Like the previous day, the major indices drifted sideways, in a tight range, throughout most of the day, but this time a late day bump enabled stocks to finish modestly higher. The S&P 500, Nasdaq Composite, S&P Midcap 400, and small-cap Russell 2000 indices each registered identical gains of 0.3%. The Dow Jones Industrial Average lagged behind by advancing less than 0.1%. Still, it was enough for the index to post its eighth straight day of higher closing prices. The S&P 500 and Nasdaq Composite both closed near their intraday highs. However, the intraday range of the S&P 500 was again limited to only five points. The Dow finished just above the middle of the day’s range.
Total volume in the NYSE was 5% higher than the previous day’s level, while volume in the Nasdaq similarly increased by 4%. The broad-based gains on higher volume pointed to a bit of institutional accumulation in both the S&P and Nasdaq, though the rally lacked overall power. If not for the Nasdaq’s advance in the last thirty minutes of trading, the index would have closed flat and flashed another session of bearish “churning.” Market internals were mildly positive. Advancing volume in the NYSE exceeded declining volume by a ratio of just over 3 to 2. The Nasdaq volume spread was positive by a slightly lesser margin.
Over the past week, there has been a curious divergence between the price of the crude oil commodity and stocks in the oil service sector. On April 5, we bought the U.S. Oil Fund (USO) as it gapped higher after testing support of its breakout level from the prior week. Although we really liked the setup at the time of entry, crude oil sold off sharply the next day, causing USO to break support and quickly stop us out. The failed breakout in USO was disappointing, but it’s an occasional part of the business. What we found most interesting, however, is that the various Energy ETFs have completely ignored the weakness in crude oil. The Oil Service HOLDR (OIH), for example, rallied 2.1% yesterday and closed at a 10-month high. Throughout last week, we discussed the bullish consolidation in OIH and targeted the ETF for a potential breakout. The rally to a new high happened as anticipated, but we really didn’t expect the breakout to still occur after crude oil (and USO) failed last week’s breakout:
The major price divergence between OIH and USO is illustrated below. This chart shows the percentage price changes of both ETFs over the past five days. OIH is the blue line and USO is the red line. Overlay charts like this are a great way to compare the relative strength of several ETFs within the same sector:
Unfortunately, the bearish divergence in USO was not apparent four days ago, or else we would have bought OIH instead. On the contrary, USO was actually showing significant relative strength to OIH prior to April 3. This was one of the reasons we bought USO, but the bullish divergence flipped around only a few days later. We had the right idea to be long the energy sector, but the wrong ETF. “Percentage change” charts like the one above can normally prevent you from picking the wrong ETF in a sector. However, there’s not much you can do when the price divergence reverses after you have already entered the position.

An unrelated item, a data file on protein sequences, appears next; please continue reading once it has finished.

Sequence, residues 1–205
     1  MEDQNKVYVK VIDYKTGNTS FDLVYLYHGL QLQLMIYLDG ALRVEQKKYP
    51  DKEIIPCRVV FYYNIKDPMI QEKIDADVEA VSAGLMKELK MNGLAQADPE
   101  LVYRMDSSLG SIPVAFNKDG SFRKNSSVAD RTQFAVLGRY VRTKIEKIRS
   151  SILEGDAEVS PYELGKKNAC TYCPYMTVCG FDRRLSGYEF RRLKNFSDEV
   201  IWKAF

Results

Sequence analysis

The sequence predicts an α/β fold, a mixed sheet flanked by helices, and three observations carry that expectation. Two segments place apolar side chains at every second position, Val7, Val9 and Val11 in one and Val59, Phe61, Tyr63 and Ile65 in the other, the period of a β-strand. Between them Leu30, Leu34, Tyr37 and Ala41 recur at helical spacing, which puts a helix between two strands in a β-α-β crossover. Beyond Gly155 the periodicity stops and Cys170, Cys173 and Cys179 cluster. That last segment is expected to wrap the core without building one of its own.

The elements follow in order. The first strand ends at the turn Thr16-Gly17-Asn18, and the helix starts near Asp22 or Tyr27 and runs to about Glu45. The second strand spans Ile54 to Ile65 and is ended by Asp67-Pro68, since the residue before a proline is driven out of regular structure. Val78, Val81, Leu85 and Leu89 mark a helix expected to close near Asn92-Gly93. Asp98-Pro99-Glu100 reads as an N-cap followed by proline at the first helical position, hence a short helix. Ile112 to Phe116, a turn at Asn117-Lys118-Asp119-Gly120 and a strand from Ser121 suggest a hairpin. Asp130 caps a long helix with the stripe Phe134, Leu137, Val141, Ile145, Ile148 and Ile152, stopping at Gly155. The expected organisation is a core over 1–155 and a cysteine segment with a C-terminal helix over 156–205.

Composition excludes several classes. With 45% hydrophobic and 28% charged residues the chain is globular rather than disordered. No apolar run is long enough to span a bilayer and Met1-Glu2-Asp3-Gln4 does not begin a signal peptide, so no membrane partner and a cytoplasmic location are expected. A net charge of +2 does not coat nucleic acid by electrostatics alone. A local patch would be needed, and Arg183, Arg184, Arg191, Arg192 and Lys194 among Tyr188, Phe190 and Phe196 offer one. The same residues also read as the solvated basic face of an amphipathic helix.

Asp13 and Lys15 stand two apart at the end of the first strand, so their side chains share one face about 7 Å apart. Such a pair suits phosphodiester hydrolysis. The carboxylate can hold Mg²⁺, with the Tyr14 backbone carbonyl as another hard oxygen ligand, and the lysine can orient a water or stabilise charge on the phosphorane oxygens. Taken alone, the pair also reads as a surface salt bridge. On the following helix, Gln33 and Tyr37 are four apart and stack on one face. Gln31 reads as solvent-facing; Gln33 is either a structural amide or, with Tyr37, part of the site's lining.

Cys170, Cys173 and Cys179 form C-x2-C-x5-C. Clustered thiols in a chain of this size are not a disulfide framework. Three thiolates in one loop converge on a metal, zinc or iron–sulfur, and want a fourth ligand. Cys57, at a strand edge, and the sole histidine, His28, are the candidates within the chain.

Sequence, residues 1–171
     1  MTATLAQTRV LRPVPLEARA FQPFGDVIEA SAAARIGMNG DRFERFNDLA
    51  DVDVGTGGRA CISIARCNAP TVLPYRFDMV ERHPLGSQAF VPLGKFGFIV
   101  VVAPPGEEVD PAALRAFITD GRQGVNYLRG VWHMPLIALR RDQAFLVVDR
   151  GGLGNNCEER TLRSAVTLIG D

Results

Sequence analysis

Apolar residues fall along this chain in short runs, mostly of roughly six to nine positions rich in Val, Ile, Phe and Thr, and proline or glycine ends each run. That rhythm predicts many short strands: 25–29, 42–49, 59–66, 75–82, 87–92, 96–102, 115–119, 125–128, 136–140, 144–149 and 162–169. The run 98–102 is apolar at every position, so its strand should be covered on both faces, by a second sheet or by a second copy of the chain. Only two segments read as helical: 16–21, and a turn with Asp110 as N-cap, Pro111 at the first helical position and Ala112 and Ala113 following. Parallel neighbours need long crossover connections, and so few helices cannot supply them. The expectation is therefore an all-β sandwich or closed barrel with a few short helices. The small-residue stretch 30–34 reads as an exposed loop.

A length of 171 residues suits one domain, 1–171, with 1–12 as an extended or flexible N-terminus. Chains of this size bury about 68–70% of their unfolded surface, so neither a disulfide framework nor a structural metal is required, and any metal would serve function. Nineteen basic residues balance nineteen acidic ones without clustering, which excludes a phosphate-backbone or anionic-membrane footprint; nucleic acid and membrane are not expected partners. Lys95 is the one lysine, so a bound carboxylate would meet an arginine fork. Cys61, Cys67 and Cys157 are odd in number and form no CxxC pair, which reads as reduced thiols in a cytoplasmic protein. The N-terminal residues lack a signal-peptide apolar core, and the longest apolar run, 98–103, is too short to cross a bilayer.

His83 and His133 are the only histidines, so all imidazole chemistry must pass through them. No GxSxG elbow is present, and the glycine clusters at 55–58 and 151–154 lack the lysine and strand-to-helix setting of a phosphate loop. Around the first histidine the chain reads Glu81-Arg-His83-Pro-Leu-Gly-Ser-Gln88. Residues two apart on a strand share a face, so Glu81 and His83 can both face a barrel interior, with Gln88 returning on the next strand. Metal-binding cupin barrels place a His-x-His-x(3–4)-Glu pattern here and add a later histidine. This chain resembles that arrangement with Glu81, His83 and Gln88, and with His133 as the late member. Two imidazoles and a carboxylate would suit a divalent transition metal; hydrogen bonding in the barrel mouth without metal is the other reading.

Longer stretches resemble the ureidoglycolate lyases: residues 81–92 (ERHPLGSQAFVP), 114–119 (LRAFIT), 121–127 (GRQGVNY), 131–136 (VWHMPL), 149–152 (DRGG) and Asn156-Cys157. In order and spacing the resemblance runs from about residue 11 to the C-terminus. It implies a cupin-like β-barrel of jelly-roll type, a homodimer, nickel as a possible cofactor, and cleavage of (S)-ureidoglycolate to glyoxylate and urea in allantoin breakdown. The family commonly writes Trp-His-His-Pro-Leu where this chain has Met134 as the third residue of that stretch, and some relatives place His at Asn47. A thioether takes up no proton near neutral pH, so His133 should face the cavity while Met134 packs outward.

Not a whole lot has changed in the technical picture of the market. The short-term trends remain moderately bullish, although the power of institutional buying has been lacking. Overhead supply from late February means we’re not out of the woods yet. If stocks consolidate here for aa few weeks, that would really enable the market to build a base of support from which to break out to new highs. However, a steep retracement could change the market’s sentiment rather quickly. Most likely, the direction of the market from here will all come down to the market’s reaction to the plethora of earnings reports on tap over the next several weeks. Alcoa, which reported after yesterday’s close, was the first major company to announce their quarterly results. Let’s see how the market reacts to this and others over the next few days before placing too much new money into action.
There are no new pre-market setups for today.
Daily Performance Report:
Below is an overview of all open positions, as well as a performance report on all positions that were closed only since the previous day’s newsletter. Net P/L figures are based on the $50,000 Wagner Daily model account size. Changes to open positions since the previous report are listed in red text below:
Open positions (coming into today):
GLD long (400 shares from March 28 entry) – bought 66.15, stop 65.79, target new high (will trail stop), unrealized points = + 1.01, unrealized P/L = + $404
IYR short (275 shares from March 13 entry) – sold short 85.75, stop 88.69, target 78.30, unrealized points = (0.91), unrealized P/L = ($250)
TWM long (400 shares from April 9 entry) – bought 66.25, stop 65.02, target 70.52, unrealized points = (0.67), unrealized P/L = ($268)
Closed positions (since last report):
Current equity exposure ($100,000 max. buying power):
We raised the stop on GLD again to continue minimizing risk. Per intraday e-mail alert, we also lowered the TWM stop by just 10 cents.
Edited by Deron Wagner,
MTG Founder and